Background: To date, there are no standard sets of admission criteria identifying an applicant's ability to succeed in an entry-level doctor of physical therapy (DPT) program. The purpose of this study was to determine if a relationship existed between preadmission variables and academic success, as measured by the physical therapy GPA in the basic sciences after the first professional year (PY1GPA).
Methods: The sample consisted of 63 students from three consecutive classes admitted to an entry-level DPT Program from fall 2002 through fall 2004. The preadmission variables included age, gender, degree status, pre-cumulative GPA, and prerequisite course GPA. The preadmission factors were correlated with the dependent variable of PYIGPA. In a second analysis, the resulting significant correlations (p < 0.05) were entered into a forward multiple regression analysis to determine the best predictors.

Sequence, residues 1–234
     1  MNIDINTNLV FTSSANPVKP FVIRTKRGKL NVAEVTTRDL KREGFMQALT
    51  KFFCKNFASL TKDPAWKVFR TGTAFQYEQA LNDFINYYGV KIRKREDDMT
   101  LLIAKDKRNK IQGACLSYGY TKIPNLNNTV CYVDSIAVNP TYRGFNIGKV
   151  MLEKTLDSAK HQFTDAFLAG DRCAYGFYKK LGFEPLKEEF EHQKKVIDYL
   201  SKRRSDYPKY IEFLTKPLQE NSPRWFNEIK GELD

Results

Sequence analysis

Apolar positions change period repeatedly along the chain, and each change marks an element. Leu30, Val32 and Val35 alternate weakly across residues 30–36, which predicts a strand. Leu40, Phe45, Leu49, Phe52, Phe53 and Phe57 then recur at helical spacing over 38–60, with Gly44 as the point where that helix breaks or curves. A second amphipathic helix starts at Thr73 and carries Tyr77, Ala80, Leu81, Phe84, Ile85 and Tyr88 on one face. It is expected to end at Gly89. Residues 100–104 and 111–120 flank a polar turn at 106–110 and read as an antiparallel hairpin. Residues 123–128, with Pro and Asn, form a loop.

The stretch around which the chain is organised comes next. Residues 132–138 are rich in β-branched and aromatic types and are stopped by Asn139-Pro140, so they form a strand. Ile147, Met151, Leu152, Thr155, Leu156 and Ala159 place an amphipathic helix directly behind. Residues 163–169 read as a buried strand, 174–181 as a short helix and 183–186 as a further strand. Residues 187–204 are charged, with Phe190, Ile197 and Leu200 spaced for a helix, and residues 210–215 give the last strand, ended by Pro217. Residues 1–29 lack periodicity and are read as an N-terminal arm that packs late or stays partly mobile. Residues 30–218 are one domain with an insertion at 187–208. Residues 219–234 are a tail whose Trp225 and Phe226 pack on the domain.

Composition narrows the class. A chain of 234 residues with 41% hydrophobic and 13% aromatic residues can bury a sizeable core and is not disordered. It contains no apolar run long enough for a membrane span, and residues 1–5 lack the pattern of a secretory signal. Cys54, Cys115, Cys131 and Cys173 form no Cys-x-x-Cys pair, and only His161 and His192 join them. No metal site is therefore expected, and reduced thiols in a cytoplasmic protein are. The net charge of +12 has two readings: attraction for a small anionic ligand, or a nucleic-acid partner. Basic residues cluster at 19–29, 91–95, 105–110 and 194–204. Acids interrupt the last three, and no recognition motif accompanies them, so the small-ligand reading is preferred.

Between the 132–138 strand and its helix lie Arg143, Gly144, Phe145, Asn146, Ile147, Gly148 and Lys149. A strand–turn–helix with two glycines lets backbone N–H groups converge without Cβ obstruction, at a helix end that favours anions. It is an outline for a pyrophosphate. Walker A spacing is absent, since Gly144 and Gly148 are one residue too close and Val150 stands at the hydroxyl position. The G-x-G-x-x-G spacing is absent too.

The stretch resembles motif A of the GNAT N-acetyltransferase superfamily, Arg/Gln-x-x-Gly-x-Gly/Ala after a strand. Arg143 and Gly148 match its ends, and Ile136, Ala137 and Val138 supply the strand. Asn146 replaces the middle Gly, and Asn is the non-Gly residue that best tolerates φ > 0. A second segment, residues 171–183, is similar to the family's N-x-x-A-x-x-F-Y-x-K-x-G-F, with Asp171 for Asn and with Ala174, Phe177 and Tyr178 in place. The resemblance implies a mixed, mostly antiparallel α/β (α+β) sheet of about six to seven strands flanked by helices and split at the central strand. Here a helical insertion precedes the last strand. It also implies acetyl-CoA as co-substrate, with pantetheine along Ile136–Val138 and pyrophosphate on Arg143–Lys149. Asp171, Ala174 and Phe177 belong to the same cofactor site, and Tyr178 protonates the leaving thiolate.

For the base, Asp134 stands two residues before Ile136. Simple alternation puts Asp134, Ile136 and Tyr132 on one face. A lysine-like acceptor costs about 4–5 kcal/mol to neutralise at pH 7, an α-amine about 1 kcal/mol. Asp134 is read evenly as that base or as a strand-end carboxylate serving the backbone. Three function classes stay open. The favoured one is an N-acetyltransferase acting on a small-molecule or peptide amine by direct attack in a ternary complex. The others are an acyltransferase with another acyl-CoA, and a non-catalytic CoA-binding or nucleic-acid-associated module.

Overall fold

Results: The Spearman rho correlation coefficient indicated that the pre-cumulative GPA correlated positively to the PY1GPA in the basic sciences (r = 0.441, p < 0.01). After multiple regression analysis, it was revealed that pre-cumulative GPA and age accounted for 16.7 and 3.9%, respectively, of the total variance (20.6%) in PY1GPA in the basic sciences.
Conclusion: Although this study did not address academic success throughout the length of the professional academic program, the findings offer insight regarding students' initial academic performance. Gaining insight into students' performance at this early stage in their education may provide a greater understanding of their potential success throughout the graduate program.